Balloon dog bag, shmalloon dog bag. Sure, those dinky Jeff Koons for H&M satchels sold out like hotdogs and are now going for three figure sums on the secondary market (aka eBay). But the handbag’s identity as a useful sack-like thing for carrying keys, chewing gum and well-thumbed copies of How to Write About Contemporary Art has become quite auxiliary to its status as a portable billboard from which the carrier hopes to acquire some kind of personality by association. And I’m not necessarily sure that I want said personality-by-association to be that of Koons – charming as butter though he is reputed to be. In addition, there’s something intrinsically unsatisfying about a flat image of an artwork being plastered onto something wearable – the ‘I like Koons’-ness of it rather drowned out the ‘I like fashion’-ness.
Not so with Cindy Sherman’s Camera Messenger bag and trunk collaboration with Louis Vuitton (bag £2,370, trunk POA), which is, at a push, as close to a gesamtkunstwerk as such things ever really get. Sherman has, rather winningly, managed to mess with her own body of work even more than she has with the Louis Vuitton branding (or perhaps one should say, even more than Franco did?). Both pieces of luggage are plastered with labels featuring Sherman personas in kitschy peril or peculiar context – an Untitled Film Still chick stands roadside as the sky above her darkens with bomber planes or the mountain in the background explodes into cartoon ash and magma. There are clowns and hysterics and makeup abusers, some framed with life preservers baring the motto ‘No One Can Save You Now’, Marie Antoinette gazes imperiously through a plane window and ‘Vuitton Sherman’ is announced as a new travel destination.
Vuitton Sherman may well become a bona fide destination in the none-too-distant future. This Sherman collaboration is one of six, all with high profile creative types, many of whom have notable existing connections to the brand, including Frank Gehry (architect of the soon to be open Louis Vuitton Foundation); Karl Lagerfeld (designer behind the LVMH–owned brand Fendi); Rei Kawukabo (founder of the Dover Street Market store in which this collection will be presented). Is it then fair to bet that when the Arnault collection is unveiled at the Foundation later this month there will be a little corner of it that is indeed Vuitton Sherman?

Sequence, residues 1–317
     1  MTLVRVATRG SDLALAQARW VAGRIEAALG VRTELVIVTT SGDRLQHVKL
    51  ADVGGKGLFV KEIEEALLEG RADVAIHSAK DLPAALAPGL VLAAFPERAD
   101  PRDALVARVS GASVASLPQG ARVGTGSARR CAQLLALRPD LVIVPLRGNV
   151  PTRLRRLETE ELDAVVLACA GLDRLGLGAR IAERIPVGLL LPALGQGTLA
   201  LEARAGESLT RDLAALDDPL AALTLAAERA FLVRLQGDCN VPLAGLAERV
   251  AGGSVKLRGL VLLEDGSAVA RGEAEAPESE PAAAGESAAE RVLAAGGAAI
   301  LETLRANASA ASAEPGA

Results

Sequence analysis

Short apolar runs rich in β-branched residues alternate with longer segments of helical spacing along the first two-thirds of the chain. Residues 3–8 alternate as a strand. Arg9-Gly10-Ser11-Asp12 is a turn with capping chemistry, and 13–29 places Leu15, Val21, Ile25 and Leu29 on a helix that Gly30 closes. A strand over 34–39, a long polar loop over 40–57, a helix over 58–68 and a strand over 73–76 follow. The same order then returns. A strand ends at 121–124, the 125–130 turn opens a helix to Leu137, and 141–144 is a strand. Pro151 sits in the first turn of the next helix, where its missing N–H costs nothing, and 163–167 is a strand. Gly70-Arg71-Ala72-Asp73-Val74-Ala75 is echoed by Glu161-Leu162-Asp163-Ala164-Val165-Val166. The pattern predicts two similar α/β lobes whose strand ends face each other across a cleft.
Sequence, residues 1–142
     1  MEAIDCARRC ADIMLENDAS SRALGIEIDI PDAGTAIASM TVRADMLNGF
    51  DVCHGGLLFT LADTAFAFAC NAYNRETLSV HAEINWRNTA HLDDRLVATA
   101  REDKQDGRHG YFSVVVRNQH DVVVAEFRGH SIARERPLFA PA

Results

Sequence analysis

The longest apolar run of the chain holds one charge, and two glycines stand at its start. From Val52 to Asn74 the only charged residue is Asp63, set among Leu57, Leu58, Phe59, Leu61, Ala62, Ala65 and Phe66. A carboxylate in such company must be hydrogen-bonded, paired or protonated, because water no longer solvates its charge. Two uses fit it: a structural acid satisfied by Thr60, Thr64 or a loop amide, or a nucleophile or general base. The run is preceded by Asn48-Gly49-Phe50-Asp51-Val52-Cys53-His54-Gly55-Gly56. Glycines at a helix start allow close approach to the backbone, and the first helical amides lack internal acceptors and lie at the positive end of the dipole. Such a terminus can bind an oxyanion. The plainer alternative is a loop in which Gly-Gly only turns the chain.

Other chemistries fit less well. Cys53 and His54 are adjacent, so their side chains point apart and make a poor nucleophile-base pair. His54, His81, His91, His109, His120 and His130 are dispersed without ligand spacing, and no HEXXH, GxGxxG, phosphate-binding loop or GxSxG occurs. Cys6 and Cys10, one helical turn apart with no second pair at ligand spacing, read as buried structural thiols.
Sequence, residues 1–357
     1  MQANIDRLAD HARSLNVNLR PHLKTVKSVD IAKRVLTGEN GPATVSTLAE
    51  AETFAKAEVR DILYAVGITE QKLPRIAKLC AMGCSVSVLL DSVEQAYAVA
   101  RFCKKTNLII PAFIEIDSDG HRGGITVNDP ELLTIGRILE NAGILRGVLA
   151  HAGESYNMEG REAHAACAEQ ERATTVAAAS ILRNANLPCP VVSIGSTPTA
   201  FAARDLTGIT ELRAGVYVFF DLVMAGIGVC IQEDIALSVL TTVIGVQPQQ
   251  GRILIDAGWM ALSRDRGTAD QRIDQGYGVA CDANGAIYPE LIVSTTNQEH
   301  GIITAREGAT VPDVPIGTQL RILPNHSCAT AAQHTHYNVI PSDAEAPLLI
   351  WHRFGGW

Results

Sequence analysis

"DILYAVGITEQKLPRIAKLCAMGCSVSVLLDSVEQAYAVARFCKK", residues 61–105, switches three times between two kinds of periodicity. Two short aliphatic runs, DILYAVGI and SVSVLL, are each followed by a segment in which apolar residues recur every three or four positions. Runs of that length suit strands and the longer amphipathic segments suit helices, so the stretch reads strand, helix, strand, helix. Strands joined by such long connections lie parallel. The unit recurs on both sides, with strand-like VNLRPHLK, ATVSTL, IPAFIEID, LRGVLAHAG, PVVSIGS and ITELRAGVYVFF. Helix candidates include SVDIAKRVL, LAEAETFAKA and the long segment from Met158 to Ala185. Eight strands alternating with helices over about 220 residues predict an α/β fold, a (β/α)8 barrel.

Sherman has designed the trunk for personal use (though suggests that it could be ideal for a drag queen on tour) labelling the little compartments within for plastic teeth, fake eyeballs and other such essentials of the uncanny. Surely there must be a nagging temptation within Louis Vuitton to ditch all the Lang Lang concerts and other such highminded flimflam programmed for its opening weeks and instead launch with a vast Cindy Sherman-themed Halloween party? Prosthetic noses at the ready!
Between all the post-punk nostalgia, patch-fetishism and disembowelment of 'Old Glory' that took place on the Raf Simons / Sterling Ruby catwalk, the Dior designer and the one-time ArtReview cover star (that would be the December 2006 edition Raf – remember, we saw him first…) also managed to produce some artist bags. One of them practically shouts ARTIST BAG at you - a distressed portfolio case (Artist file, €1050) complete with scrape marks presumably from the voracious gallerists tussling over you and who’s sharp-finger nailed hands are depicting grabbing at the bag from without. To be fair the other bags in the collection pretty much shouted RUBY – sagging droplet-shaped sacks in custom bleach-splatted cloth that resemble deflated boxing bags or a fattened up version of the artist’s Vampire series with a useful carry-handle (Drip bag, €500).
Etro’s bag collaboration with Mika Ninagawa does not, on first inspection really seem to resonate with the Japanese artist’s work in quite the same way. But then Ninagawa’s work is so much about the shiny and artificial, the reflection and perfection that repels engagement, and the multi-layered creation of self, that I guess the key could be in the styling. Worn all at the same time with a pink wig, nylon cosplay/furry outfit, moustache and hint of sidecrotch, and you might start to exude an appropriate level of sensory overkill and compromised innocence.
Like a reviving smack on the wrist in this week of artworld celebrity and sales figure obsession, Marni’s pre-Fall collection took its creative cues from three artists from France and Italy operating outside of the art market. After ‘extensive research on Art Brut and Outsider Art’ designer Consuelo Castiglioni worked with Christophe Joubert and Francois-Xavier Tavy-Sacley from France and Stefano Favaro from Italy, using imagery from their existing bodies of work on garments and accessories, including a selection of graphic PVC tote bags (£200).
For visuals of all products please scroll through images above.
Online exclusive published 15 October 2014